The world’s leading economies have agreed a plan to ensure multinational companies pay a global minimum corporate tax rate of 15%. On Thursday the OECD announced the agreement between 130 different countries. Estimates suggest that Big Tech firms will pay up to $100bn a year more under the agreement. The rules are set to be put in place next year and implemented fully in 2023.
The US non-farm payroll is due to be published on Friday at 1.30pm GMT. Coming at a time when the US recovery is becoming well-developed, expectations are high that another solid payroll report will be delivered. A total of 645,000 jobs are expected to have been created for the month of May, a significant improvement over the 266,000 in April, itself a significant miss on estimates. Meanwhile, the unemployment rate is expected to improve as well, falling to 5.9% from 6.1%.
Rishi Sunak has confirmed that talks to secure City of London access to the EU have stalled. The chancellor said a deal on a comprehensive post-Brexit financial services settlement with the EU had not happened during his first Mansion House speech. Suggesting the UK would pivot away from Europe, he said he would build on deals such as a partnership on financial services signed with Singapore earlier this week.
In many ways, the Federal Reserve seems to spend as much time appearing competent to nervous investors as it does actually dictating monetary policy. At the time of writing, we await the US jobs report as markets traded flat or down, although the S&P 500 edged to a new all-time high on Thursday. The fear for investors is that robust jobs numbers will lead to the curtailment of Fed monthly bond purchases that have underpinned asset prices throughout the pandemic.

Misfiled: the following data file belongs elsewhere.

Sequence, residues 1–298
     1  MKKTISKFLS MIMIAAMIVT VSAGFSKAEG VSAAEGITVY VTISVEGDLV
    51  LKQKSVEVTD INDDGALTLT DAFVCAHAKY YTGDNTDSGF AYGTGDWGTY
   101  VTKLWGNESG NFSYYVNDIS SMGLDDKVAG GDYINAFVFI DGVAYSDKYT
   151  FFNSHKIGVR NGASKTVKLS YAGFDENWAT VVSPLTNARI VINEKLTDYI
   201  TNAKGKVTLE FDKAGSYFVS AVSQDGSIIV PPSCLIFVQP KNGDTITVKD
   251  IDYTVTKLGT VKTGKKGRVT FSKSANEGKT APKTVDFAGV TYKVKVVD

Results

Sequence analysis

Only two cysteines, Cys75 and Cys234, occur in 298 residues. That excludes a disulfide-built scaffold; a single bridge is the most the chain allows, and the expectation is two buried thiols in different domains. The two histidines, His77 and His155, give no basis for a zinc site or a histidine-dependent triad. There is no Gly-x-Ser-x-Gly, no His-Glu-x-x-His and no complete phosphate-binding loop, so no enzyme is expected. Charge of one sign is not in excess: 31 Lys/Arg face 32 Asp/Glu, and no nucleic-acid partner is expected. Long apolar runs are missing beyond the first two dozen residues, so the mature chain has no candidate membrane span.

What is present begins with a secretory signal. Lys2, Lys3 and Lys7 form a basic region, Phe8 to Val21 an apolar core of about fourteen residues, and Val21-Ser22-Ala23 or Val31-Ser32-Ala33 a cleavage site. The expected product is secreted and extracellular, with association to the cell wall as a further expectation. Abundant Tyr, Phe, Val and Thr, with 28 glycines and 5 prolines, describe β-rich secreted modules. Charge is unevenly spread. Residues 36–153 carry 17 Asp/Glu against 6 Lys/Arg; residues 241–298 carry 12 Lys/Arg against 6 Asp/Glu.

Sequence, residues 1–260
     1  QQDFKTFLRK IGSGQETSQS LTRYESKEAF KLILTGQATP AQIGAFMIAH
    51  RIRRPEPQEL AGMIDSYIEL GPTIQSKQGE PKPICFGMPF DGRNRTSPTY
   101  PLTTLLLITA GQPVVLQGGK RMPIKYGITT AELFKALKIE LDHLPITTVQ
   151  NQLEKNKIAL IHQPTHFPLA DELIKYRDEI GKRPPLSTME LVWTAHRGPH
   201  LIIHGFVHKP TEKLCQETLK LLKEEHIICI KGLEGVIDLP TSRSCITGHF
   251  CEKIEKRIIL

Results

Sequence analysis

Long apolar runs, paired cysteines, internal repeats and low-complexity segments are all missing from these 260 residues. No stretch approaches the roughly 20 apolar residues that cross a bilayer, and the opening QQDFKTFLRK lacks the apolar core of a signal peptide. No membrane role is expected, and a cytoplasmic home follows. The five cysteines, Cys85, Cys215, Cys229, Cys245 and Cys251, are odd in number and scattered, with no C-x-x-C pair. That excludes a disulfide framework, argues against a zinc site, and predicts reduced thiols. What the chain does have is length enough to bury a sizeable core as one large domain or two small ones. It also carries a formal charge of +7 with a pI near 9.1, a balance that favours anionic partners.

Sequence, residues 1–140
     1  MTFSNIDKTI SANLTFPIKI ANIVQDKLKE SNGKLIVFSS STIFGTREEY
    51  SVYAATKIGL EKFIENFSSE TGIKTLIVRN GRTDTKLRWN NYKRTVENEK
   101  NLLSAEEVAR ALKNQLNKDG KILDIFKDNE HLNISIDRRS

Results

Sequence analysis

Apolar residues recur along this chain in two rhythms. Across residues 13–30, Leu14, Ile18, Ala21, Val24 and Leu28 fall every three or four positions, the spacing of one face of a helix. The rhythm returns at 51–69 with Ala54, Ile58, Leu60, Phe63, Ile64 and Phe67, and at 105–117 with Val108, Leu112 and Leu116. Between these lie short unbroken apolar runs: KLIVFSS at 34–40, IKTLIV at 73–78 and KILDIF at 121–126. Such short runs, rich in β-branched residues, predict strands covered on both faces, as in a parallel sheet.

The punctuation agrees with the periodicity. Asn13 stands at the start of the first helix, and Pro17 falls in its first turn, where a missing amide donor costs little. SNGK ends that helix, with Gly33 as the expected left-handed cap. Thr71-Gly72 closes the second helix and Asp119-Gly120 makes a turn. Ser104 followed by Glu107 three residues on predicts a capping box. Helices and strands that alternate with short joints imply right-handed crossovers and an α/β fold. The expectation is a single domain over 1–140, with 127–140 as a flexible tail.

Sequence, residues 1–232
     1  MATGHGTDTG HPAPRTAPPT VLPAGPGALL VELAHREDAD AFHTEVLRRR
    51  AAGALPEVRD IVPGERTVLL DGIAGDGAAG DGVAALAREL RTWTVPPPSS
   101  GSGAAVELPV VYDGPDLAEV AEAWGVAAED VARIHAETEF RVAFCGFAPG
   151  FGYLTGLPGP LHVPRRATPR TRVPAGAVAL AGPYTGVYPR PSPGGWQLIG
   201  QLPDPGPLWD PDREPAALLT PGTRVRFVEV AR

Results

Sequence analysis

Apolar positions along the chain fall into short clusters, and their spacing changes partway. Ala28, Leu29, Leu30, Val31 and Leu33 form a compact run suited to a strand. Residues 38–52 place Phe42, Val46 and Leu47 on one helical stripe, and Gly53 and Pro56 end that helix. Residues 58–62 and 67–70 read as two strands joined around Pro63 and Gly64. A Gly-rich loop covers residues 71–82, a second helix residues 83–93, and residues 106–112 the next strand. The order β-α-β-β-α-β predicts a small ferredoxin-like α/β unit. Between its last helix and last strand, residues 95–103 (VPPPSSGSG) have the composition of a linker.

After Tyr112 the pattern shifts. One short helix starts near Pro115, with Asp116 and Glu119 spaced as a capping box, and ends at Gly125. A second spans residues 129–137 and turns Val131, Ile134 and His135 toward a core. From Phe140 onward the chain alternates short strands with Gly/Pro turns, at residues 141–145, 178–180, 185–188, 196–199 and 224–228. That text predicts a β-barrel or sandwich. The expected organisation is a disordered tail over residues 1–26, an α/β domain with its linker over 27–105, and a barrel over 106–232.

The fact is, that the Fed will no doubt act to assuage any fears. If you cast your mind back to the Fed’s June meeting, the mere mention of a motion to consider discussing the easing of monetary policy was enough to stoke fear in investors. However, for now, the status quo remains in place. There is no plan for addressing government deficits in the USA and money will continue to be printed and distributed. Instead of addressing ever widening deficits, there are now calls for government to make the sweeping social programmes and infrastructure investment permanent. That may not look likely in the short term but is likely over the long term. The Fed is complicit in this program and will continue to spend for the foreseeable. Jerome Powel is nothing if not acutely aware of his role as a stage manager; if something is due to change, we’ll know about it.
Quote of the week
“There is not evidence that cow dung therapy works.” - Metro
Whether it be bleach, elderberry and lemongrass or expensive Cognac, some Covid remedies have ranged from the sublime to the ridiculous. Don’t get me wrong, taking control of your health is key and my arm was sore for days after my first vaccine, but that’s still a whole lot better than smearing myself in cow dung. Although I have friends who have expressed a certain amount of scepticism toward the vaccines, none of them have come to Sunday League smothered in excrement, up until now anyway.
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